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Article: How to differentiate an emerald from other minerals


How to differentiate an emerald from other minerals

Learning to differentiate natural emeralds from other minerals can take a good time and requires knowledge about the characteristics or properties of some gems. Despite this, after acquiring expertise, noticing irregularities and differentiating between the properties of some minerals or others is becoming easier.

However, many seek to learn to differentiate minerals much faster, as they need it for their work or seek to buy or sell without failing to choose the right mineral.

For situations like these, we've created this article to make things easier for you if you need to differentiate emeralds from other minerals as soon as possible.

How to distinguish an emerald

  1. Tone or color: the inexperienced eye does not reach a very good distinction of the different tones of emeralds, and it is certainly a process of years to identify where an emerald comes from for its tone.

This is why a measure of intense, medium and clear tones was created to classify them. The intense and strong tones are the most valued (those found in our country) crystallines can be easier to get and are usually not as appetizing.

  1. Size: verifies the size, this indicates the way the stone was carved, there is the cut or emerald carving that is characterized by being rectangular, the Colombian emeralds are almost always carved rectangular and the African oval ones.

Remember that the size can change the quality of the stone, often the stones are carved on inclusions, to disguise them, which can make the gem much more fragile and with a tendency to cracks.

  1. Purity: Almost all emeralds tend to have internal inclusions, the less inclusions the emerald the most valuable it will be. Emeralds without inclusions are called oil drops.

However, you should be careful, as many emeralds - oil drops - are often in many cases synthetic emeralds with better properties than natural ones and even become almost perfect.

  1. Crystal: emeralds are crystals and are classified as transparent, translucent and opaque, the more transparent the more expensive, as it highlights the more its beauty.

The fewer impurities have an emerald, the greater its value. In the emerald you can find inclusions (natural cracks) , gags, coals, among other minerals and impurities.

Tips to differentiate minerals

You can already get an idea of what emeralds should look like when it comes to acquiring them. It's time to learn how to identify the rest of the minerals, for this, follow the following tips. Let's go.

  1. Choose your minerals: The first thing you should do is observe and test the minerals. Use the largest piece you can find to be able to distinguish it well, and if you have several pieces, make sure they are all from the same mineral.
  2. Check hardness: Hardness is the ability of a mineral to resist scratching. Minerals that don't scratch easily are hard.

The hardness of a mineral is tested by scraping its surface with a known hardness mineral. This image can help you know what materials you can test the hardness of a mineral.

  1. Mineral brightness: Brightness describes how light is reflected on the mineral surface. The brightness is divided into metallic and non-metallic brightness. Minerals such as pyrite, which are opaque and shiny, have a metallic glow.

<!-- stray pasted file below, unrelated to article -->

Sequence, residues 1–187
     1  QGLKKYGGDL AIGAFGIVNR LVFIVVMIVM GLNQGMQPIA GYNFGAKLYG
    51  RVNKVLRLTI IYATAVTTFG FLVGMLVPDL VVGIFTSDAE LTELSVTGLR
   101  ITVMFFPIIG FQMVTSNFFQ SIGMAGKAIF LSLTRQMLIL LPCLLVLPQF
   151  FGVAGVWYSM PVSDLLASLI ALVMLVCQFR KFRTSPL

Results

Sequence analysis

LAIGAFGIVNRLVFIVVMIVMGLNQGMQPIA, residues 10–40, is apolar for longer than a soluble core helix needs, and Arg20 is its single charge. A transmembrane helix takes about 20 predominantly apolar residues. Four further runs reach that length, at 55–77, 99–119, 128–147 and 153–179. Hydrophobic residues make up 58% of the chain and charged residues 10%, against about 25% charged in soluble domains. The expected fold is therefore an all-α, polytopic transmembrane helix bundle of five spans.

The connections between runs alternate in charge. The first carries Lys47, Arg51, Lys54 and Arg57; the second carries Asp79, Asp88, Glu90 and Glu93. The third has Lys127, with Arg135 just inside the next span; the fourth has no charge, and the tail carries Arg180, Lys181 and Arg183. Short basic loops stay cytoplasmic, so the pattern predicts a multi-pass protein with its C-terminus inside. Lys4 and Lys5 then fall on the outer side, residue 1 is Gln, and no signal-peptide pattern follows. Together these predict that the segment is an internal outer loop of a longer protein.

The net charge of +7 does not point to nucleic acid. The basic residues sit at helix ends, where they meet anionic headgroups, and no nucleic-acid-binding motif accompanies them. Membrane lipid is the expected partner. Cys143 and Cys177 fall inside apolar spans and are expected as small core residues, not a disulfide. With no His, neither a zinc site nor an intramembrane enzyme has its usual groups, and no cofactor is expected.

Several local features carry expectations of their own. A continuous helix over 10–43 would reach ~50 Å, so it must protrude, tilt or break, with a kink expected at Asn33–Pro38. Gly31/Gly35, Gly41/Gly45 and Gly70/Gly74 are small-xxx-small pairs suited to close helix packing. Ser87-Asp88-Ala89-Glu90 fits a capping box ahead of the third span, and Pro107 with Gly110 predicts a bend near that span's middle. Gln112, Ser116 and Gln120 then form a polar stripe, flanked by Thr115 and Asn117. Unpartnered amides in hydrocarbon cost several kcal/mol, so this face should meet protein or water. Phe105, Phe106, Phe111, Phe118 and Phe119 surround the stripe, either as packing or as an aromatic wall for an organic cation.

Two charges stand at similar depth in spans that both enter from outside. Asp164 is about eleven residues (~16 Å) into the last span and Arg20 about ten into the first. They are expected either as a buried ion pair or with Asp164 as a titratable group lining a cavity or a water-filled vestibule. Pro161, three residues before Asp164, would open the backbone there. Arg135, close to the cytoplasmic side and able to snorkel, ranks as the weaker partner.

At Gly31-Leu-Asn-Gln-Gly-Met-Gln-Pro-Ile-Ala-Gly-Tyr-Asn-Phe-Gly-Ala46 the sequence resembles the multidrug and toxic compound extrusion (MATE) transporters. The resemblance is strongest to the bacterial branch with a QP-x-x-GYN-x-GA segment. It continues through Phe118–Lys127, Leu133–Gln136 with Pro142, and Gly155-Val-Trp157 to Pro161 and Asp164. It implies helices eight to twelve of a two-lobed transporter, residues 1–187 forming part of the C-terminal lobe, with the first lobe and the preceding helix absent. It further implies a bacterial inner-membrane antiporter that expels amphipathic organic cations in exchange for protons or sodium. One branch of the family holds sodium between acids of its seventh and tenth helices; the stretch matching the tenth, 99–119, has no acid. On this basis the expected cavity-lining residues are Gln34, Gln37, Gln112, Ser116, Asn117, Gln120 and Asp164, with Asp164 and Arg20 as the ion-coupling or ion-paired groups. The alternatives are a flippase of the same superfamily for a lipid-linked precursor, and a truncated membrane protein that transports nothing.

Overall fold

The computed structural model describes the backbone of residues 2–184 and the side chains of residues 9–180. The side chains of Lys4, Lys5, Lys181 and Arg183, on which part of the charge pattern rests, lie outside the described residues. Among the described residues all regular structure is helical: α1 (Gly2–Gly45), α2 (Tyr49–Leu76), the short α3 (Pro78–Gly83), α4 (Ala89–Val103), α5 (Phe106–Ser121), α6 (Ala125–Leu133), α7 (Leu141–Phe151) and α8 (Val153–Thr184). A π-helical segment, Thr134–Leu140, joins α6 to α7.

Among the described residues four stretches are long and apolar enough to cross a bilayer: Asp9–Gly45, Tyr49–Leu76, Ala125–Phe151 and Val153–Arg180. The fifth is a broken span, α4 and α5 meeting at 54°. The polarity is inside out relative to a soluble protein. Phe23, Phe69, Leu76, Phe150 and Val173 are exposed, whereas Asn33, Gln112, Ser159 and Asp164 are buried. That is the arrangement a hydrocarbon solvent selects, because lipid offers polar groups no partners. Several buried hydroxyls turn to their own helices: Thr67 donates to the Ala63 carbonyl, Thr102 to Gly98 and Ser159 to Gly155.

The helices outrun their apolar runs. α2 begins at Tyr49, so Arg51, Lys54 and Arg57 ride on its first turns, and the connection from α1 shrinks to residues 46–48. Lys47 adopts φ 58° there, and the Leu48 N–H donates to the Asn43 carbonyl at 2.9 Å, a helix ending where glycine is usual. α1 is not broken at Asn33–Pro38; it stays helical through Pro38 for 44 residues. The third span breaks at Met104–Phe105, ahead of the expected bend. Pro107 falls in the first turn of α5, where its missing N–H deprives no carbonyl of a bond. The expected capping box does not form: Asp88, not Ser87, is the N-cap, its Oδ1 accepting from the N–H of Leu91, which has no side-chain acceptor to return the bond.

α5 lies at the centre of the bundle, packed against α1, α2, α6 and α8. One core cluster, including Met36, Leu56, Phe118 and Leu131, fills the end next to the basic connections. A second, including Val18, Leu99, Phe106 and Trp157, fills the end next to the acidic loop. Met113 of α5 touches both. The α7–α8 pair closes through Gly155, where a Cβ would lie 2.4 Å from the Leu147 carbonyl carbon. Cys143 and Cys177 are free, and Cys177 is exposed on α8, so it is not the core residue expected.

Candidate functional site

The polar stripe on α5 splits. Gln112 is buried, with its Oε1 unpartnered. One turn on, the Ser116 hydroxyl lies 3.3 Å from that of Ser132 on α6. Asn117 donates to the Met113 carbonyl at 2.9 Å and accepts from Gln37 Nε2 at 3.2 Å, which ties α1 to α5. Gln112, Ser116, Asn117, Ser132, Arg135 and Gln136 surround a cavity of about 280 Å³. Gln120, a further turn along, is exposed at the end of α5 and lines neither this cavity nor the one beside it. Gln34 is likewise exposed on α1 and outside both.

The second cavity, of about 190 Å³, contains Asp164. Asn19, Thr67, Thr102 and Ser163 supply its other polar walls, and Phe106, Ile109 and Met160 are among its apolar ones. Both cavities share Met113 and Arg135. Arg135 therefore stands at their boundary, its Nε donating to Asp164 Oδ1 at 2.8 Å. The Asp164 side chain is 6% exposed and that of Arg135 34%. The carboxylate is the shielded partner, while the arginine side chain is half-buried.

2. Color: Colour is probably the easiest property to watch in a mineral. Unfortunately, you can rarely identify a mineral just for its color. Color is one of the main diagnostic properties of natural compounds of a mineral.

According to their color, there are three main groups of minerals: idiosychromatics, alloch and pseudo-chromatic.

  • Languages are "self colored," because of their composition. Examples include blue azur, red cinabarium and the juicy green.
  • Alocroma are of another color due to impurities in their composition or defects in their structure. Examples are blue in the Amazon, yellow in Heliodoro and pink pink.
  • The pseudo-chromatics have false colors due to tricks in the light diffraction. Examples are the colors produced by the opal and bright reflections of the labradorite.
  1. Magnetism: Magnetism is a distinctive property in some minerals. Use a strong magnet when comparing your gems or minerals with others. If you don't have a magnet you can use a compass or analog clock to test magnetism when you see if the sample attracts the needle from a compass or watch.
  2. The flavor: this is, as you read, the flavor is definitive to identify some minerals with rock salt, of course you won't start trying the minerals to differentiate them, but some feeling of salinity to taste and even smell can denote that it is a specific mineral.
  3. Fizz: This means the effervescent reaction of certain minerals to the acid test. For this test, the vinegar will serve.

Weight: for this tip you can look at how heavy a mineral feels in the hand, specifically in the density sensation. Most minerals are about three times more dense than water, i.e. they have a specific gravity. Take note of a mineral that is remarkably light or heavy for its size.

Paula A. Bonilla 

Social communicator and journalist from Sergio Arboleda University in Colombia. She is also a jeweler and is passionate about constantly learning about precious gems and national high jewelry.

Currently, she is working for one of Bogotá's most important jewelry stores, Emerald by Love. This jewelry store has over 40 years of experience and has 2 physical branches in the capital city of Colombia, located in the city center.


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